ATTP 3-97.11/MCRP 3-35.

1D (FM 31-70 and FM 31-71)

Cold Region Operations
JANUARY 2011

DISTRIBUTION RESTRICTION. Approved for public release; distribution is unlimited.

Headquarters, Department of the Army

This publication is available at
Army Knowledge Online (www.us.army.mil) and
General Dennis J. Reimer Training and Doctrine
Digital Library at (www.train.army.mil).

ATTP 3-97.11/MCRP 3-35.1D (FM 31-70 and FM 31-71), C1
Change No. 1 Headquarters Department of the Army Washington, DC, 10 June 2011

Cold Region Operations
1. 2. This change rescinds paragraphs 2-63 through 2-66 and re-numbers paragraphs 2-67 through 2-82 for consecution. ATTP 3-97.11/MCRP 3-35.1D, 28 January 2011, is changed as follows: Insert New Pages pages i through ii pages 2-15 through 2-17

Remove Old Pages pages i through ii pages 2-15 through 2-18 3. 4. New or changed material is indicated by an asterisk (*).

File this transmittal sheet in front of the publication for reference purposes.

DISTRIBUTION RESTRICTION: Approved for public release; distribution is unlimited.

By order of the Secretary of the Army:

MARTIN E. DEMPSEY
General, United States Army Chief of Staff

Official:

JOYCE E. MORROW Administrative Assistant to the Secretary of the Army 1113104

DISTRIBUTION: Active Army, Army National Guard, and United States Army Reserve: Not to be distributed. Electronic media only. PCN: 144 00019100.

PIN: 100721-001

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*ATTP 3-97.11 MCRP 3-35.1D
Army Tactics, Techniques, and Procedures No. 3-97.11 Marine Corps Reference Publication No. 3-35.1D Headquarters Department of the Army Washington, DC Headquarters Marine Corps Combat Development Command Department of the Navy Headquarters United States Marine Corp 28 January 2011

Cold Region Operations
Contents
Page

PREFACE..............................................................................................................iv INTRODUCTION ....................................................................................................v Chapter 1 DEFINITION AND CHARACTERISTICS OF COLD REGIONS ........................ 1-1 Defining Cold Regions ........................................................................................ 1-1 Mountains and Cold Regions ............................................................................. 1-2 Influence of Oceans and Land Masses .............................................................. 1-4 Terrain Characteristics ....................................................................................... 1-4 Terrain Analysis .................................................................................................. 1-6 Weather Characteristics ..................................................................................... 1-7 CONDUCTING FULL SPECTRUM OPERATIONS IN COLD REGIONS ......... 2-1 Offensive Operations .......................................................................................... 2-1 Defensive Operations ....................................................................................... 2-12 Stability Operations ......................................................................................... 2-16* Civil Support Operations.................................................................................. 2-17* CONSIDERATIONS FOR OPERATIONS IN COLD REGIONS ........................ 3-1 Personnel Considerations .................................................................................. 3-1 Weapons Considerations ................................................................................. 3-18 Tactical Considerations .................................................................................... 3-23 MOVEMENT AND MANEUVER/FIRES AND MANEUVER (USMC) IN COLD REGIONS ........................................................................................................... 4-1 Movement by Individuals .................................................................................... 4-1 Movement by Vehicles ....................................................................................... 4-4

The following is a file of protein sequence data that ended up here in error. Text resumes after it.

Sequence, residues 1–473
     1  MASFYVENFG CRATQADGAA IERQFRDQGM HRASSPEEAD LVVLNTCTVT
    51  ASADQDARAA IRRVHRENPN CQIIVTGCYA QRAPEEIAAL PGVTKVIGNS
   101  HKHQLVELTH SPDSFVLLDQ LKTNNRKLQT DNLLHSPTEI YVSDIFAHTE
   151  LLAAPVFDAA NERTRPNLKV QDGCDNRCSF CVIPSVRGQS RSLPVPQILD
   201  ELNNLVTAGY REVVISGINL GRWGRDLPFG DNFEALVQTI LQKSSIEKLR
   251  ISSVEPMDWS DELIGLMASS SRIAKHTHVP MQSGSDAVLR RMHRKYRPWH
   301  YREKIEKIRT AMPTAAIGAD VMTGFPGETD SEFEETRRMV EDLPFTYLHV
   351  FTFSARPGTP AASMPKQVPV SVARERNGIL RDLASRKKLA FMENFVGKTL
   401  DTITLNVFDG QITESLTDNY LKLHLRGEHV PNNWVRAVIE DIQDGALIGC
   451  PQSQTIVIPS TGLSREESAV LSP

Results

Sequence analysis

Chapter 2

Chapter 3

Chapter 4

Distribution Restriction: Approved for public release; distribution is unlimited. *This publication supersedes FM 31-70, dated 12 April 1968, and FM 31-71, dated 21 June 1971. Marine Corps PCN: 14400019100 i

Contents